“A lot of legends, a lot of people, have come before me. But this is my time.” -Usain Bolt

The Olympics is an incredible time for athletes in all sports, and a time to celebrate the fastest, strongest, most agile, and all the other superlative achievements the human body is capable of. Yet for those of you hoping for a new record-breaking performance in the men’s 100 meters, I’ve got bad news: it’s extraordinarily unlikely.

Usain Bolt with his official world record time in 2009. Image credit: American Foreign Press.

Usain Bolt with his official world record time in 2009. Image credit: American Foreign Press.

Usain Bolt is an athlete whose prowess and performances shouldn’t be occurring for another generation, and here he still is at the age of 29, competing at the highest levels and going for an unprecedented third straight triple: in the 100 meters, 200 meters and the 4×100 meter relay. Could he achieve his own version of what Carl Lewis did a generation ago, when he broke the 100m world record at the age of 30?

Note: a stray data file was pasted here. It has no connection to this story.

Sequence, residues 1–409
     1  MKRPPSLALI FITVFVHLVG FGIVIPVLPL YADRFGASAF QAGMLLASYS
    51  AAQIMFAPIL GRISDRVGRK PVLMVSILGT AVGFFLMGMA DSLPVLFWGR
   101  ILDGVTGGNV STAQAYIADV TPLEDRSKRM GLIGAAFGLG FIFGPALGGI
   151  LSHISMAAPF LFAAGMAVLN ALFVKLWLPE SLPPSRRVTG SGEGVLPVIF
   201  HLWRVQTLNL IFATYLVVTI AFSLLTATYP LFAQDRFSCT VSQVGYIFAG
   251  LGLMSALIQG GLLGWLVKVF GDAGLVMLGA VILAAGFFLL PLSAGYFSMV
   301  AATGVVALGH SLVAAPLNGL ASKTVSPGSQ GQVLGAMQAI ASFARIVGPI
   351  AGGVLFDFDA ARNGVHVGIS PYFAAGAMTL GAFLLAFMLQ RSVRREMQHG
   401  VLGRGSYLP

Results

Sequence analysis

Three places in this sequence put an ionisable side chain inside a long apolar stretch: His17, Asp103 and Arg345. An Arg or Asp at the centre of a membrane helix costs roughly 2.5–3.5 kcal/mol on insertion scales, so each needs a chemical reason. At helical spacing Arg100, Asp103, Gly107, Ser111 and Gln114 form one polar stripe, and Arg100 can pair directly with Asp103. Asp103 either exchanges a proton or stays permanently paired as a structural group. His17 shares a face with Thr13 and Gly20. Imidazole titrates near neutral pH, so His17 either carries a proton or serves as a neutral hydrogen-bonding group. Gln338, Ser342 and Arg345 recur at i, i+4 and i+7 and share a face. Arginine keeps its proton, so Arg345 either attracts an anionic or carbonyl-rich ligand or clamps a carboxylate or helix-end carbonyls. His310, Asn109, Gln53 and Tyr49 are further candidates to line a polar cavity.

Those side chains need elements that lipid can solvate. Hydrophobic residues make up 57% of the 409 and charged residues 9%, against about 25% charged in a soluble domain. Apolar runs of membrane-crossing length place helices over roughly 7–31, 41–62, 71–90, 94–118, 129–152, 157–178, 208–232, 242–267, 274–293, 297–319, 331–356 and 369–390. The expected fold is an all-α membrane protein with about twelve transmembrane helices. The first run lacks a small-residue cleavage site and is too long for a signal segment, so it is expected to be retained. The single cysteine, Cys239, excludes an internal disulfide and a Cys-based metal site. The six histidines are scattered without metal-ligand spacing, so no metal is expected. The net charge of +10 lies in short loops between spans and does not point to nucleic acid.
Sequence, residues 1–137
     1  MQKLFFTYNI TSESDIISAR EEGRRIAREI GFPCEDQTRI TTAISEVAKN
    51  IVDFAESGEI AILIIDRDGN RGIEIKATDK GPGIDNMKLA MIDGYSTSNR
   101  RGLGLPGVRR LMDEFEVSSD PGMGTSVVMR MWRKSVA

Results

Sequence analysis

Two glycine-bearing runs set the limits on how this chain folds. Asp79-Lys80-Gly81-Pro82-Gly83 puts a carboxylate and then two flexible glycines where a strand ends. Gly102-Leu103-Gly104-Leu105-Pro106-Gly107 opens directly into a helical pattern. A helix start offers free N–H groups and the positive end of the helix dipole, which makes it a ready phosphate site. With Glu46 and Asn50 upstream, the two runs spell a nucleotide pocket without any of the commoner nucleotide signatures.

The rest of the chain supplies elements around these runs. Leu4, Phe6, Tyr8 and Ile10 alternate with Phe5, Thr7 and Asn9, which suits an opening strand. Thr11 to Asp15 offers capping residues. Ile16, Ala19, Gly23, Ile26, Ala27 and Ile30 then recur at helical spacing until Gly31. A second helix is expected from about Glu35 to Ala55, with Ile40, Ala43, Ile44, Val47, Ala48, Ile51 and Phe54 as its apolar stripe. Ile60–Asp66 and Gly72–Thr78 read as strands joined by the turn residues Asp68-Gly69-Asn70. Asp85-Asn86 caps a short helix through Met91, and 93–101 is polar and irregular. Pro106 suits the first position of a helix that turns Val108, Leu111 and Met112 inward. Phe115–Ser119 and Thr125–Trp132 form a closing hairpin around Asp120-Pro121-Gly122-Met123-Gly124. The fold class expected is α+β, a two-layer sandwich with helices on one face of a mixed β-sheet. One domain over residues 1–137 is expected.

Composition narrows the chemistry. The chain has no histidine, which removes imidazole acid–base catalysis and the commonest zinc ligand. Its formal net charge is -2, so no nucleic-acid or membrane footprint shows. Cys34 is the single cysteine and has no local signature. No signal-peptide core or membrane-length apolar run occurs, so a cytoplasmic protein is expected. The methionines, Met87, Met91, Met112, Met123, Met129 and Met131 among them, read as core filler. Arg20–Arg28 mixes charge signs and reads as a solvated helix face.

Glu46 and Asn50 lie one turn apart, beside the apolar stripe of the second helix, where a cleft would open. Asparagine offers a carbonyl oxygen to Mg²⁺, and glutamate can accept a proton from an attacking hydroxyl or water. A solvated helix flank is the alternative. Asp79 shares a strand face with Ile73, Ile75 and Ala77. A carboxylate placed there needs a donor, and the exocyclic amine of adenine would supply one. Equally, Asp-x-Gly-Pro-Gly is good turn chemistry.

The Men's 100 meter world record progression (red points) and the fit of the simple three-parameter exponential model for expected times. Note how ahead-of-schedule Bolt's 9.58s time still is today. Image credit and analysis: E. Siegel.

The Men’s 100 meter world record progression (red points) and the fit of the simple three-parameter exponential model for expected times. Note how ahead-of-schedule Bolt’s 9.58s time still is today. Image credit and analysis: E. Siegel.

Not only wouldn’t I bet on it, I’d bet against anyone else coming close to Bolt’s incredible 9.58s. Not just in this Olympics, but for the next 20 years.

Comments

  1. #1 See Noevo
    August 12, 2016

    “The ULTIMATE time that human males should be able to reach in the 100m dash is somewhere around the 9.2s mark, based on their performance to date.”

    So, you do NOT think human males could reach, say, 4.1s, *millions of years* from now?